Posted by j on January 2, 2005, 2:59 pm
Xantrex makes an SWCA (Sine Wave Communication Adapter) for hooking up a
computer to the SWxxxx model Inverters.
Does anyone here have one? Have you looked inside? Is it just a line
driver? (ala Max232)
Has anyone built there own? These things sell for ~$50, which is a
little out of line, consider what we've already paid for the inverter.
I'd like to build my own SWCA, but wanted to find out what the rest of
you have learned already.
Posted by Loren Amelang on January 2, 2005, 8:10 pm
I've never seen one. Like you I have been curious, but considered the
price outrageous for the limited capabilities.
You probably know the manual is online. One thing it reveals is that
the adapters are addressable, so you can have up to eight inverters on
a single phone cable bus connected to a single computer serial port. I
don't know any way to do that with just a serial driver chip - I
suspect there is a tiny microprocessor with a bit of Flash in there to
store its address. Once you have that for addressability, the
temptation would be to use it for other more complex conversions as
well - but I'm totally guessing.
Since it plugs in in place of the remote control panel, someone with
the remote control could use it to reverse engineer the required
I'm looking for an even simpler bit of information. I know you can
force the SW series to off by connecting pins 17 and 19 of the
stacking interface connector to pin 14. Is there a similar trick that
would force the inverter to on?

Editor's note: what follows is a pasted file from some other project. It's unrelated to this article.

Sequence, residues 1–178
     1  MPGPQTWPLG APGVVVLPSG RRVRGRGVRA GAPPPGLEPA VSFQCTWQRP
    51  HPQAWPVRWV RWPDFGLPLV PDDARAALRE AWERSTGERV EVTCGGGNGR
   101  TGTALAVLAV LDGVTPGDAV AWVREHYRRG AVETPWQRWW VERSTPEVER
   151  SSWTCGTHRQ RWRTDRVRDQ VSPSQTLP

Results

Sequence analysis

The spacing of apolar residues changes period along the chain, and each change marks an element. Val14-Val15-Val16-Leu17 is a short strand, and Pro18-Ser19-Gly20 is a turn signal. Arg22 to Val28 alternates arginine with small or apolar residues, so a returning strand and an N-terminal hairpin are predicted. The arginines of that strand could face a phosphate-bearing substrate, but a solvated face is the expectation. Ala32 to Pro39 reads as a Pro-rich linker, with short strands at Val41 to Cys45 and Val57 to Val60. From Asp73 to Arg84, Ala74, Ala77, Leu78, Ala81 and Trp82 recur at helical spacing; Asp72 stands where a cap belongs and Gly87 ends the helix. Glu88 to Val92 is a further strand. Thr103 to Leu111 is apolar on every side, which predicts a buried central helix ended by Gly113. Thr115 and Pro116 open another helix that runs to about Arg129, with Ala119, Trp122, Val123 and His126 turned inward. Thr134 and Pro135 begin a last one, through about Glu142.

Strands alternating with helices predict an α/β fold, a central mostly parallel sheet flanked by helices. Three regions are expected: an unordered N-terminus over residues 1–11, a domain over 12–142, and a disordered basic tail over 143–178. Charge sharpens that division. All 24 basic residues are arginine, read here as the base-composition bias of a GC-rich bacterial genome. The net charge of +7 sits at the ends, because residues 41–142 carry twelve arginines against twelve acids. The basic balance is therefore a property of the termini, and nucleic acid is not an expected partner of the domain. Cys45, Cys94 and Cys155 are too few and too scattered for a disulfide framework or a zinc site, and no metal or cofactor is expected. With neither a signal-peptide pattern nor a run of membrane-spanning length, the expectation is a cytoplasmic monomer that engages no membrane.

Posted by j on January 2, 2005, 9:34 pm
Good point on the addressable nature of it. I did indeed notice that in
the manual. Agreed, some tiny little 8bit controller, would do it.
I'd sure love to build my own. I'm into Ham Radio APRS, if you know what
that is, so by hacking the SWCA, one would be able to put all the stats
up on the internet.
Good point on reverse engineering the remote. One might even be able to
reverse engineer quite a bit with just the SWCA software.
Loren Amelang wrote:
Posted by Loren Amelang on January 3, 2005, 9:57 pm
On further thought, they say the capabilities emulate the buttons and
LEDs of the front panel. Eight buttons, eight LEDs, 25 connector
pins... I wonder if there are just discrete TTL signals for those?
You still need characters coming back for the message display, though.
Wonder if it is serial or 8-bit parallel?
I doubt RS-485 is involved. The manual says the addressing capability
is a function of the adapter housing, not of the inverter itself.
Besides, the interface started out as a place to hook up an external
vcersion of the front panel, not an industrial computer. It is
probably as simple as possible, hence the unfriendly cost of making it
talk to a computer.
Posted by Morten on January 2, 2005, 11:04 pm
Hmmm that sounds like RS485 to me, a little more complex but still very easy
to interface up against. I once saw a IC that was made specifically for
interfacing between RS232 and RS485 that had provission for system address
via a couple of jumpers..
It may of course be much more complex, but if I was to make a serial
interface between some inverters and a controller I would use a industry
standard and go for RS485...
Outgoing mail is certified Virus Free.
Checked by AVG anti-virus system (http://www.grisoft.com ).
Version: 6.0.825 / Virus Database: 563 - Release Date: 30/12/2004